Postville Herald from Postville, Iowa on October 6, 1948 · Page 8
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October 6, 1948

Postville Herald from Postville, Iowa · Page 8

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Postville, Iowa
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Wednesday, October 6, 1948
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Page 8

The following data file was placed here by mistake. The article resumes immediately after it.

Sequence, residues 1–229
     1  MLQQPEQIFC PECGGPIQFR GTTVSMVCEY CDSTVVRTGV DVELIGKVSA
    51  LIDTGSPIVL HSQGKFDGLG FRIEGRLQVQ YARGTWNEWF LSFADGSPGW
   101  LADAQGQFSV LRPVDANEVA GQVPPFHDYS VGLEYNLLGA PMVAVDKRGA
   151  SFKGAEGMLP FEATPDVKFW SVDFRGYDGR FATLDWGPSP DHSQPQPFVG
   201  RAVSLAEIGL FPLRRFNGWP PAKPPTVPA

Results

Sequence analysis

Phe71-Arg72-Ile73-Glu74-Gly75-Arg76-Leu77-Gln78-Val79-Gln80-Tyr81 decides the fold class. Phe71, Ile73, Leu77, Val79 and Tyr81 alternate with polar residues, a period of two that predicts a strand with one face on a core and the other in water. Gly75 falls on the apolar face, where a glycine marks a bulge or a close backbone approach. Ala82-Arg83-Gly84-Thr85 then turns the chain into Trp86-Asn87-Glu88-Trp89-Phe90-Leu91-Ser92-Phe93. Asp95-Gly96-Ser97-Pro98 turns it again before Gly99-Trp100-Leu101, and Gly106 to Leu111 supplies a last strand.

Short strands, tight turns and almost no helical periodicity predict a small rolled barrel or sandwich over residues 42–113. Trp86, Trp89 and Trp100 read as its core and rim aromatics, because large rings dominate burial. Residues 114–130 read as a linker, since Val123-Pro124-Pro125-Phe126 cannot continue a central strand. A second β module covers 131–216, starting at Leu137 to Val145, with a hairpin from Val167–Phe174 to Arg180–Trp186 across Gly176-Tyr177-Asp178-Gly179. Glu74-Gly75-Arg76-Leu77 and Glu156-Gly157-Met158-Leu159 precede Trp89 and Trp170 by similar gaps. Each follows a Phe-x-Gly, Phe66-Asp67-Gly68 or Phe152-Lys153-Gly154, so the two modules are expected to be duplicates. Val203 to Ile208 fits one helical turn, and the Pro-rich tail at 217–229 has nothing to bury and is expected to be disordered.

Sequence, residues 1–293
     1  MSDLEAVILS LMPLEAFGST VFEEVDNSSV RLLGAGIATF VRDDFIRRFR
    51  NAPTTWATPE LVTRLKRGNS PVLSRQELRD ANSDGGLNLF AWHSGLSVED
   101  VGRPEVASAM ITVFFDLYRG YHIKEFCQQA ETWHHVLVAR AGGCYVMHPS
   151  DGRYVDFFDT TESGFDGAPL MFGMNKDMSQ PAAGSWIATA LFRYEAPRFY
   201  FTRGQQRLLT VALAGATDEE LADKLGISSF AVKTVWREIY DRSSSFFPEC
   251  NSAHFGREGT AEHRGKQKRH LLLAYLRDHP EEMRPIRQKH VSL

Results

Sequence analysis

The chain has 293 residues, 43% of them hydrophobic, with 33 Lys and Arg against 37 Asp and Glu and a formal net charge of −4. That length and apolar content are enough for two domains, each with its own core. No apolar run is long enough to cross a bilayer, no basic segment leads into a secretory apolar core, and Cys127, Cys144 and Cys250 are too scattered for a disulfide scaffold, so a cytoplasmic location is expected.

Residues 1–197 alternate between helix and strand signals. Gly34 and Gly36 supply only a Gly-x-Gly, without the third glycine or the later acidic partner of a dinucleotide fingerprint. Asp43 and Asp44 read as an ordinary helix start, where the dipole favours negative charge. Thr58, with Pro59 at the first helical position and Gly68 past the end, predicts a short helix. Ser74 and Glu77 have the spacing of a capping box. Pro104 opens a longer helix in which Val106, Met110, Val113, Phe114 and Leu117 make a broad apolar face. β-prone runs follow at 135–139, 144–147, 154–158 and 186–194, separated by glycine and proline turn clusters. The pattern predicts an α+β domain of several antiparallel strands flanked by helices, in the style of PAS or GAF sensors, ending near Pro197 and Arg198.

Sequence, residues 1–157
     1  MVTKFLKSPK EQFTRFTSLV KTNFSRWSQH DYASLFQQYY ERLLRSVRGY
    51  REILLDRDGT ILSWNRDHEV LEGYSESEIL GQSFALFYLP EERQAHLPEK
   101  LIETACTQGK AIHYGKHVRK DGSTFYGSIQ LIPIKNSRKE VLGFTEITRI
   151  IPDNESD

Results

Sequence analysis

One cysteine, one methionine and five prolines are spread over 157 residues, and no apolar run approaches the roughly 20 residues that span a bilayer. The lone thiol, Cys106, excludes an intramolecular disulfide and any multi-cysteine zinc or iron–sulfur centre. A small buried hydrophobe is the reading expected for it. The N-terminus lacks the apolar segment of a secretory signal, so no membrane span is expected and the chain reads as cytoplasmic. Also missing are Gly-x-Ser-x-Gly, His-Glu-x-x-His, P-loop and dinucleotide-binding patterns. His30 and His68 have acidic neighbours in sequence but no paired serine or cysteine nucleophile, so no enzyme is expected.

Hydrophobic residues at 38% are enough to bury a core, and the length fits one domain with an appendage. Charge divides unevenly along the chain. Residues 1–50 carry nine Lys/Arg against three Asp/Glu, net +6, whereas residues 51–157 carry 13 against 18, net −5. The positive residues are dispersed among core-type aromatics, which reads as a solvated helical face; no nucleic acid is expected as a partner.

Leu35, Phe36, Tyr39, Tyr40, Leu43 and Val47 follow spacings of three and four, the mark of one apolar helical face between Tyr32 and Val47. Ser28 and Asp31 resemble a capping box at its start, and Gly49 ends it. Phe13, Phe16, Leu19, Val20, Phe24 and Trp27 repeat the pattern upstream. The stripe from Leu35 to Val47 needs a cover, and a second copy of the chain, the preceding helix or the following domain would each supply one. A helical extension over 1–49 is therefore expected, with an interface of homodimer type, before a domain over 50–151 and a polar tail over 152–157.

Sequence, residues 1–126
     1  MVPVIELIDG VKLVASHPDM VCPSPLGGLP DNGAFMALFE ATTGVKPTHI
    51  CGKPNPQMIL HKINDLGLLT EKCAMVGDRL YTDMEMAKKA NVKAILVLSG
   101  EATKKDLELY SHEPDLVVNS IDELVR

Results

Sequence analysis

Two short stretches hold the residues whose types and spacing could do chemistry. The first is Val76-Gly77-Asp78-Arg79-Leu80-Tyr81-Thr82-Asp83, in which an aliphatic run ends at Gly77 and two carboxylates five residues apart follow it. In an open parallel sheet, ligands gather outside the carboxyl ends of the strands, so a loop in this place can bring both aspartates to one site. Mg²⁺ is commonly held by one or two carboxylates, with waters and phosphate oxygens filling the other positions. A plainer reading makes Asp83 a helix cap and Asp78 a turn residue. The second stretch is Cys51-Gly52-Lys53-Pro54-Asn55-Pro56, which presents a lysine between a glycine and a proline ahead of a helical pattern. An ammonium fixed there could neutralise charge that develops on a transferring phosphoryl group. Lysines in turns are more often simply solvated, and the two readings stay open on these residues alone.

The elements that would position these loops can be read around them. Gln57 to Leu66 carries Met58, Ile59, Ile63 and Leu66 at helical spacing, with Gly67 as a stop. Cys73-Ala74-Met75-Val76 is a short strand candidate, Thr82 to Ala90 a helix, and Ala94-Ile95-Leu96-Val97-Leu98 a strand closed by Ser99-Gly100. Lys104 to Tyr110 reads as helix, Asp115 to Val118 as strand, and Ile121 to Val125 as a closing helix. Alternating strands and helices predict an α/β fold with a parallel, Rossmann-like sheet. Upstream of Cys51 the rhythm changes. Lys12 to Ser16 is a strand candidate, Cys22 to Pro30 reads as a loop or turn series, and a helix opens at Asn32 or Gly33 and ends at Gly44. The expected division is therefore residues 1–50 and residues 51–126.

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PAGE EIGHT. THE P0STV1LLE HERALD, POSTVILLE, IOWA As I See It by C. W. D. FREE TO WRITE! By John Reed Karcl Former Editor.. Kewaunee, Wis., Enterprise This is Fire Prevention week, but it also National Newspaper week, so while Mayor Duvall ably discusses the former in his adjoining proclamation, I will devote a little attention to the latter. It is. by heredity, occupation, choice and pay cheek, closer to my heart. Sitting here, propped up in front of a typewriter. I am free to write anything I desire just so long as it is within the bounds of common decency and the liberal postal regulations. I can publish that writing in my newspaper and send it through the mails into the homes of this community. T need show this column, before it is published, to no one, I am the sole judge of what will occupy this space this week. Here in America we call that '"Freedom of the Press." It came down to me. as a marvelous privilege, from the men who founded our country- It is not a "smart alec" right which I can abuse, because it is governed by the needs, requirements and good judgment of the people of my community. They demand of me the truth wherever it is possible to obtain it, and accuracy in my reporting. They can. by the very weight of their collective opinions, put my humble opinions out of business. So then. Freedom of the Press, as we celebrate it during National Newspaper week, is not merely my freedom to print what I please. It is, let's say, my right to say what I think in my own newspaper providing I do not offend the patriotism, the good morals and the collective better judgment of a majority of my readers. This is a marvelous privilege, compared with what the Press of the rest of the world enjoys. Only free men enjoy the right of a -free press. . . . but it is also true that only a free press can guarantee and maintain the rights of a free people. Sitting here, I can write that I dislike the policies of my government and my President: that I don"t like the way the army is being run: that church services will be held next Sunday. But the larger portion of the world today, editors and writers, can't say those things. A man who writes for a government-controlled newspaper, or the dictator press, can say only those things which are put in his mind by his bosses. And when that happens, the people who read those newspapers are no longer free. So I would say that National Newsaper week is just as important to you. the reader, as it is to me. It isn't a week in which you are expected to eat more apples, buy a lapel button or don your straw hat. It's simply a week in which, thoughtfully and of your own free will, you should resolve that you will do everything in your power to keep the press of America free. In that way, you will simply be guaranteeing the continuation of your own Freedom! FARM KERNELS. Feeder lambs fresh from the western range won't do well on high-quality hay for a while. W. F. LaGrange, Iowa State College animal husbandman, advises feeding them mixed hay for a few days and gradually increasing the amount of high-quality hay. • • • a • The BAE is forecasting lower fats and oils prices for the next 12 months. Cattle slaughter will be down the rest of 1948 from a year earlier, says Francis Kutish, Iowa State College farm economist. Best Care - Best Prices • Pick Up Eggs Often it Cool Eggs Quickly if Pack Eggs With Points Down * PRICES: 55c - 45c - 31c We Handle Swift's Feeds Hansen & Matson Co. Telephone No. 251 PostviUe, Iowa Football— 1 (Continued from page 1) Meyer tossed them for a six-yard loss, giving the ball over to the Pirates. On the first play Jack Meyer was thrown for a two-yard loss. Then Schultz carried for 22, for five, and for three. Meyer hit for three and Schultz went the final Jwo for another touchdown. Meyer made the extra point. PostviUe 32, Fayette 0. Gunderson stopped Fayette on the kickoff at their own 33. Hoth tackled after a three-yard gain. Mork stopped them for no gain, Hoth declined an offside penalty. Jack Meyer tackled a pass receiver after a three-yard gain. Then a Fayette punt was blocked and recovered on the Fayette 32. Meyer was good for five. Schultz for 16. and Mork went the 11 to score. A pass'for the extra point failed. PostviUe 38. Fayette 0. N 38 To 0 At Half The PostviUe kickoff was very good and Fayette was halted on their three-yard line. Duwe made the tackle after a two-yard gain. Jack Meyer stopped them for no gain. Fayette punted and Schultz returned to their 29. A 15-yard penalty was handed the Pirates for clipping on the play. Schultz carried for 22 and Meyer for six. A pass was incomplete. Then a pass from Rima to Gunderson was good in the end zone, but the play was nullified because of an offside as the half ended. Postille scored again during the third quarter on a 15-yard run by Jack Meyer. The extra point failed. A blocked punt by Bachelder as the quarter ended set up a fourth period touchdown which Meyer made on a 20-yard trip. Schultz was good for the extra point. The final marker was the result of a spectacular punt return of 72 yards by Schultz. The extra point was unsuccessful. To single anyone out for. praise in this contest would indeed be dif- Ificult; for everyone on the team put forth brilliant play. Probably the improvement in Merle Meyer's defensive plays were the most noticeable good points among the many during the game. Junior High and Reserves Lose Games Last Week NOTICE! Dumping of Garbage in the Town Dump is PROHIBITED The dumping of garbage in the dump has created obnoxious odors and an unhealthy situation, and must be stopped immediately. M. C. PEERING, Mayor TOWN OF POSTVILLE Waukon's new coaching policy paid off with a 14 to 0 victory over Postville's junior high football team at Waukon, Tuesday, September 28. Waukon's junior high team with 32 squad members in charge of two coaches who have no other coaching duties scored in the second and fourth quarters. The running attacks of the two teams were about even, but Waukon had a decided edge in passing. Their first touchdown was scored on a pass and their second set up by a pass. Both extra points were made good on passes. Showing promise for PostviUe was Marlen Schutte, fullback, who did well on downfield blocking. Leigh Rekow, left half, and Ralph Gunderson, guard, turned in good jobs on the defense. Reserves Lose Postville's reserves were defeated by the Campion freshman- sophomore team 12 to 0 here on Wednesday, September 29. Although the PostviUe team was in possession of the ball most of the game and gained ground at will between the fifteen yard lines, they could not find the plays that would score for them. Campion scored on a long pass at the end of the first half. Their final counter came on a pass interception. A PostviUe pass, thrown in desperation, fell into a Campion player's hands who ran 85 yards for a touchdown just as the game ended. Don Elvers fullback, was the best ground gainer for the Post­ viUe reserves and proved to be a capable receiver for quarterback Dick Searls' passes. Luther Heins, higbthalf, turned in some nice gains and showed signs of promise as a downfield blocker. Hilery Heins, playing at guard, turned in the best defensive play of the day. School News— WEDNESDAY, OCTOBER 8 . ^ SETS BREAK Billy Bockes, former Grundy county sheriff, while visiting in Grundy Center recently revealed that a few days after his 80th birthday he fell and broke his thumb. There was no doctor near so he set the break himself, says the thumb is about as good as new. OF with the NEW MULE-HIDE TOWN & COUNTRY SHINGLE HQ OTHM SHINOLt '§ LIKt ITI (Continued from page 1) Suzanne Kramer, Luann Wahls, Bona Mork and Diane Eberling. ' v Rose Ann Sadler, Lee Allen Eberling and Mary Meyer treated the children on their birthdays. Twenty-three children received 100 in spelling Friday. Junior High News ' Students receiving 100 per cent in spelling the past week are: Sixth grade: Leonard Althouse, Mary Behrens, Janice Brown, Jerry Gulsvig, Jack _ Jarmes, Elmer Marting, Francis * Nelson, Fritz Palas, Dellene Schultz, and Carol Schutte. Seventh grade: Lorraine Braiq- ard, Noel Cook, Robert Frese, Patsy Folsom, Gloria Muchow, Nancy Roberts and Duane Sorenson. Eighth Grade: Shirley Brandt, Diane Douglass, Mary Dresser, Muffy Falb, Phyllis_ Mork, Norman Schroeder, Donna Schultz, Marilyn Severn, and Ann Spencer. In science, the discussion has been about the different animal divisions represented in the zoo. Darlene Muchow brought a pair of hamsters to class for study Snapshots of different animals taken at the zoo in Milwaukee were brought by Duane Sorenson. Home Economics The foods classes are all doing laboratory work. During the past week the Homemaking III class has prepared vegetables and meat combinations; the Homemaking II class, vegetables and the Homemaking I class, beverages and cereals. Band News There are 80 students taking lessons on band instruments this fall, of which number 53 are in senior band. Of the total group, 28 are boys, and 51 are girls. Approximately half are from the town and near vicinity, and the other half come to school by bus. Richard Hoth, a fourth grader, is the youngest pupil this year. In band there are 10 seniors, 11 juniors, 15 sophomores, and eight freshmen. This year's fifth grade has seven students enrolled for lessons. The marching band is polishing up old maneuvers and working on new ones for the state marching band contest to be held here Saturday, October 16. This contest is one of four which will be held in the state on that day, and the one here serves the Northeast portion of the state. Arlene Schultz, a senior, is serving her second year as drum major for the marching band. General News The general shop class is working on mechanical drawings. Outstanding work has been done by Roger Kuhse and Don Heins. A much favorable comment has been reported by students concerning the posters made by the cheerleaders and also their clever skirts. Gwen Werger scored the only touchdown in a world history football game last Wednesday. World history students now are studying the history of Rome. Joan Christofferson has been named editor of the annual staff of PostviUe High School for the coming school year. Other mem bers on the staff are: assistant editor, Bernadine Kugel; business manager, June Schroeder; photographer, Ronald Gunderson; cal endar, Marilyn Backhaus; artists Jean Christofferson and Audrey Buddenberg; and advisor, Mrs. Howard Gordanier. left To Write By Bob Klauer. Opinions ( expressed in this column are those of the writer and do not necessarily conform to the editorial policy of this newspaper. LUDLOW PUPILS FIRST IN DENTAL REPORTS The pupils of Ludlow school No 5 and their teacher, Lois Fiet Flage, have been the first school this year to report a 100 per cent rating in their dental program The pupils are: Robert Hansmeier, Joyce Adam, Shirley Stock, Darlene Stuckman, Ronald Winkie, Charlotte Hansmeier, Gary Winkie, Ronald Adam, Roger Stock, Darlene Hansmeier, Sheryl Onfer, Joyce Stock, Donelle Hager, Rich ard Hansmeier. This school has earned the hon or of a 100 per cent rating in the dental care program for five consecutive years, according to the Allamakee County nursing office IT AT PostviUe Lumber Co. Phone 1M Factville, Iowa —bMHSt it Givct Mor* COMPORT For LESS FUEL Get eitro fuel *Mving( with the new COLONIAL »tre«m-lincrf precision built Eeono- Burnt «ll typci domestic fuel oiL. LOUIS L. HILL POSTVILLE, IOWA "B( HEATING MSC C0L0N/AL/ZC The Republicans of Iowa are presenting to the voters an exceptionally strong ticket this year. Headed by George A. Wilson, for reelection as United States Senator, and William S. Beardsley, as the candidate for governor, the Republican Party of Iowa, is offering a group of candidates, who are not only qualified by experience, but have shown themselves to be courageous leaders who will serve the best interests of the people. William S. Beardsley, the party's candidate for governor, comes before the people with an outstanding record as a legislator having served in both the upper and lower branches of the Iowa General Assembly. He was Republican Senate, floor leader in 1935 and 1937, and during his seven legislative sessions built up a record of achievement. He is a business man and a farm-owner and understands the problems of the people. Bill Beardsley will make Iowa a good governor, and Iowa needs Bill Beardsley. For Lieutenant Governor Kenneth A. Evans, of Emerson, is a candidate to succeed himself. His record speaks for itself. Melvin Synhorst, of Orange City, an overseas veteran of World War II is the party's choice for the office of Secretary of State. He is seeking his first elective office and his nomination is a concrete example of the Republican Party's desire to serve youth and war veterans. Also seeking his first elective term is Robert L. Larson, for Attorney General. Mr. Larson, who was first appointed to this office to fill a vacancy, has done an outstanding job since his appointment. Others on the ticket, all candidates for reelection, have in the past rendered distinguished service to the people of Iowa. They include Chet B. Akers, Auditor of State; J. M. Grimes, Treasurer of State; Harry D. Linn, Secretary of Agriculture, and Carl W. Reed, Commerce Commissioner. Under their leadership Iowa has enjoyed the greatest prosperity in its history. Sound Logic The Ft. Dodge Messenger, in an editorial under date of Septernber 22, 1948, applies sound logic to' the Iowa campaign with particular emphasis on the senatorial contest between Democratic Guy M. Gillette and Senator George A. Wilson, who is up for his second term. Recognizing that every poll based upon mathematical analysis or public opinion, practically concedes Iowa to Dewey, the Messenger warns against handing Governor Dewey an impossible job by threatening him with an hostile; Congress. Says the Messenger: ''If Gover-| nor Dewey is to do an outstanding job he s'hould have a Congress which will support him. It would be like calling a carpenter and then taking his tools away from him and still expecting him to proceed with his work." The editorial goes on to say that some lowans seem to have been deluded, "into believing that Gillette is really a Republican at heart. , "Nothing could be farther from the truth, Gillette, with rare exceptions, has gone down the line with the New Dealers and with the New Deal philosophy of government. Put him back in the Senate and it can be confidently predicted that he will be an obstructionist of the worst kind to the Dewey administration. Iowa voters should bear this in mind. George Wilson served with outstanding success as governor of Iowa and in a like manner in his first term in the United States Senate. There is a rugged and forceful honesty about Wilson that makes him a real servant of the people. His past service .amply warrants his reelection to the Senate for a second term. The people are simply serving their own interests in voting for a man like Senator Wilson. This year, as noted, it involves more than might ordinarily be the case. Wilson will be needed to support Dewey. If your choice for president is Governor Dewey, then by all logic, your choice for United States Senator should be Senator Wilson." USED CARS FOR SALE 1941 Nash Fordor , 1940 Mercury Convertible 1939 Ford DeLuxe Tudor! 1941 Ford Pickup 1940 Ford Fordor 1937 Chevrolet Pickup 1930 Plymouth Tudor 1948 Chevrolet Truck 1948 Ford F-6 L.W.B. Truck (with rack) CONNOR-PEYTON AUTO COMPANY Ford Dealers PHONE 6 WAUKON, IOWJB MOTOR CLUB OF IOWA A.A.A. SERVICE Printed Felt Base Rugs "Romance On The High Seas starring Doris Day and Jack Carson and filmed in Brilliant Technicolor is coming to the Iris Sunday and Monday October 10 and 11. This brand new "musical" is a box winner and "believe it or not" there are those who enjoyed it as much as "The Jolson Story." "Just plain silly, bubbles are. They get all puffed up and bust. Now WATERS' PASTEURIZED MILK makes me bigger and bigger and bigger, but I won't burst —I" just be s big, strong man." I For Pure Pasteurized Milk, Cream, Chocolate Drink and Cottage Cheese. Call 237-J. POSTVILLE • P ^*6 237-J 9 x 12 Size for $8.95 A wide selection of other sizes at proportionate prices. Come in and see them today. Louis Schutte & Sons Largest Stock of Furniture In Northeast Iowa IlUIUINiiilililiUUIIUUIHIIililHrmillllfllllllllHllll BUILD YOUR BANK BALANCE S3 s A growing Bank Balance increases J self confidence. Start your account | here and make regular deposits. Build | up your Bank Balance . . . it is one of =33 , | the pillars on which your credit is estab- I I lished. Citizens State Bank POSTVILLE, IOWA